About three months after Mr Deb Nath Dipangar, 34, arrived in Singapore from Bangladesh to begin a job as a construction worker, he found a better offer - potentially paying more than the $468 a month he was receiving then.
His wages had been lower than initially promised and he decided to transfer to another employer here. However, he said he did not get an in-principle approval (IPA) letter, spelling out his new terms of employment, when he did so.
Similar situations faced by foreign workers who change employers add to issues - such as incomplete documents - that they may encounter involving IPA letters.
About 15 per cent of non-Malaysian work permit holders in a recent survey said they did not receive the letters before coming here, up from 4 per cent in 2014.
The study last year, commissioned by the Ministry of Manpower (MOM), polled about 2,500 work permit holders and 500 S Pass holders randomly.
Mr Alex Au, vice-president of non-profit group Transient Workers Count Too (TWC2), said workers outside Singapore need IPAs to pass through Changi Airport. Workers who are already here need not go through immigration again.
So, even though the MOM requires employers to provide workers with a copy of the IPA, some may not do so, Mr Au added.
Percentage of non-Malaysian work permit holders polled who said they did not receive their in-principle approval letters before coming to Singapore, up from 4 per cent in 2014.
There also seems to be more workers changing firms, he said.
From 2005 to October 2017, about 128,000 work permit holders changed employers before the end of their permit terms.
Another 400 did so after completing their terms, then Manpower Minister Lim Swee Say told Parliament in November 2017.
Among the workers who turn to TWC2 for help, Mr Au estimates that 80 per cent to 90 per cent of those who have transferred firms say they have no IPA letters.
This could be a problem in the event of a dispute, as the letter contains the terms and conditions of employment, including the basic salary. It serves as a de facto contract in the absence of other written agreements. Employers who fail to send out IPA letters before workers leave for Singapore may be fined up to $10,000.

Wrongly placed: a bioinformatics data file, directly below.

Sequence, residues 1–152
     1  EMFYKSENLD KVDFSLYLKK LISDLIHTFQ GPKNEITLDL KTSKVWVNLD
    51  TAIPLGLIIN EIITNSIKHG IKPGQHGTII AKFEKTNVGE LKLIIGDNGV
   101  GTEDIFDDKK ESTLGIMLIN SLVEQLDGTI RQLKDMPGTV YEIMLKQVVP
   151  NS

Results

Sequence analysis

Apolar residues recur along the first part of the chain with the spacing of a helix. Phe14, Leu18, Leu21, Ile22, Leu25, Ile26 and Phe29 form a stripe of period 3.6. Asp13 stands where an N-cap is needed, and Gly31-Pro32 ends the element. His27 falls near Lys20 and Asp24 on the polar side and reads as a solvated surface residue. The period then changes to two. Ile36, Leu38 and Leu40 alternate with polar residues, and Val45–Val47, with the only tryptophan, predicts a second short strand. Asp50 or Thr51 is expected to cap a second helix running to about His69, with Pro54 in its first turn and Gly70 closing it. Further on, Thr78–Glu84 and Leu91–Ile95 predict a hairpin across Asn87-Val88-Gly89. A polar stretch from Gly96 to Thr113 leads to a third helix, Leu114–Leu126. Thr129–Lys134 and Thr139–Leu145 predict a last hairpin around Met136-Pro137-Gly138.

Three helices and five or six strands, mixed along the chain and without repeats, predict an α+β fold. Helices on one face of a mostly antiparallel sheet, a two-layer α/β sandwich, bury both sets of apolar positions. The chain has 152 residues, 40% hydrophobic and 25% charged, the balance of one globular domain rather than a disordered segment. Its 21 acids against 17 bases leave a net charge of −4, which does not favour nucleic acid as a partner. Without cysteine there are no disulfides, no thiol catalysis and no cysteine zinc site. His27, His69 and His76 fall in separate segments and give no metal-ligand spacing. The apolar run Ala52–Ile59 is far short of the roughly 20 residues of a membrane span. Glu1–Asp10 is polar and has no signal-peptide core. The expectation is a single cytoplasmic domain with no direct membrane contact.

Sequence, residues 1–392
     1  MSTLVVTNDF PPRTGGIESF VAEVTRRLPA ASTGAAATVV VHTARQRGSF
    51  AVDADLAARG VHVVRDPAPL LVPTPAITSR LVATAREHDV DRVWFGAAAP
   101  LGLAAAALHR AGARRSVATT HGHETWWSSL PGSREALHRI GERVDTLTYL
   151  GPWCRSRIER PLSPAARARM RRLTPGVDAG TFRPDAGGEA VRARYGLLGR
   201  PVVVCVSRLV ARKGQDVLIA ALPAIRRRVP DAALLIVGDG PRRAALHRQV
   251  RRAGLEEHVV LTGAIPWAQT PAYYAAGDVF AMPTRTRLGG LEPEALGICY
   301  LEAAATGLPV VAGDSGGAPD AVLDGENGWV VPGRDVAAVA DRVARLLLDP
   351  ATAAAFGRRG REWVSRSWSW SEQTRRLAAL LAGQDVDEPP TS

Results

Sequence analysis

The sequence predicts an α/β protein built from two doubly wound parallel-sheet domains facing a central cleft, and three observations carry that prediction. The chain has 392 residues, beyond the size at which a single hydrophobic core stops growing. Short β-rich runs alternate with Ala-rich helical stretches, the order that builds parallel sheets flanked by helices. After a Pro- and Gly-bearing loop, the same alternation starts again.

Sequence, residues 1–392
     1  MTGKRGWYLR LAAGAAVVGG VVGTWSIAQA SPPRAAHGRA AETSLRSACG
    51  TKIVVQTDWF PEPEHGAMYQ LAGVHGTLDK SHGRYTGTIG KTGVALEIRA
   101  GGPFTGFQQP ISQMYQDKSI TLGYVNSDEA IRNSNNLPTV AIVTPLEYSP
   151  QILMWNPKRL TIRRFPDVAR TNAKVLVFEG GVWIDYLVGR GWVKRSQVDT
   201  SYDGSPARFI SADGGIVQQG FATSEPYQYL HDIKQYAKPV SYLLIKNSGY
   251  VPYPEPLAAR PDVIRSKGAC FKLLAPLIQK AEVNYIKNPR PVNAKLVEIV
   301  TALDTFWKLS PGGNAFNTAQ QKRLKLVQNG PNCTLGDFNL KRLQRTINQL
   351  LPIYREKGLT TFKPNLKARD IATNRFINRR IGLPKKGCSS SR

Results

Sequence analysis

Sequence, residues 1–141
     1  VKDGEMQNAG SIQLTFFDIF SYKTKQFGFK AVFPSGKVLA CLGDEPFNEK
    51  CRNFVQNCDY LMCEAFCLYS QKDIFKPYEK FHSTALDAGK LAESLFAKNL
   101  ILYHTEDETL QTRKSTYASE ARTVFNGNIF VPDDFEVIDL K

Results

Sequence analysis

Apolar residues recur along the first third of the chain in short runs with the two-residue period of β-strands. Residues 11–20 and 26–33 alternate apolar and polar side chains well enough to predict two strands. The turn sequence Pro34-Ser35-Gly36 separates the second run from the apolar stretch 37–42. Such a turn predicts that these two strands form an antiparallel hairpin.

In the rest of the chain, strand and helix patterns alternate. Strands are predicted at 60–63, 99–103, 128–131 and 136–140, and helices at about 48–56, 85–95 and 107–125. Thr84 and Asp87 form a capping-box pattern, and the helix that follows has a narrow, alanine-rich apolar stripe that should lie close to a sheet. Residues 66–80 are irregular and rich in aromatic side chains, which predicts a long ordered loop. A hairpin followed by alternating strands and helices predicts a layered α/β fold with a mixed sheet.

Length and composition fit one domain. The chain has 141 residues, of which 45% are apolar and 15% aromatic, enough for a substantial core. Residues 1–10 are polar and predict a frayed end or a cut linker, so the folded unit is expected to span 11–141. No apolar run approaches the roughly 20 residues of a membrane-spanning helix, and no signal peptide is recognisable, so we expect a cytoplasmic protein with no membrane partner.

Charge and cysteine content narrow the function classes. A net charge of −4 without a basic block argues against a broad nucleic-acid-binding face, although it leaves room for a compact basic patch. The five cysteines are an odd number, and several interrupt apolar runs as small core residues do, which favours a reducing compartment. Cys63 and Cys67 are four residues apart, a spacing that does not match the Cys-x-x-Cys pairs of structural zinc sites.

Another challenge that foreign workers face here is receiving incomplete IPA letters, said Ms Desiree Leong, legal consultant at the Humanitarian Organisation for Migration Economics (Home).
While it is mandatory for employers and agencies to send the full letter to foreign workers before they depart for Singapore, it is not required to clear immigration, she said. "The front or cover page, which contains no information on salary, suffices."
Agents and employers may deliberately give workers only that part of the IPA, keeping them uncertain of their legal rights and raising their vulnerability to exploitation.
Noting that some workers have been deceived about their salary, Ms Leong said about a fifth of those who approach Home for help with their pay have incomplete IPA letters.
As workers may receive only some pages of the IPA - which can run to more than eight pages - for their use to enter Singapore, they may not realise it is the IPA, said employment lawyer Wiyatno Gerald Mursjid.
The MOM has been taking steps to ensure workers receive their IPA letters before coming here, making it a requirement since October last year for them to take the letters to their Settling-in Programme.
From February to April, it issued advisory letters to 60 employers whose workers either did not have their IPA letters or had an incomplete set during the SIP.
Last month, five employers and an employment agency were investigated for failing to provide the full IPA letter before a worker's departure. Investigations found that the employers had fulfilled their obligations. Enforcement action against the agency, which is not linked to the employers, is pending.
Between February and April, 97 per cent of workers attending the SIP had their full IPA letters, said the MOM. Those who did not have the complete set were given a copy by the Migrant Workers' Centre.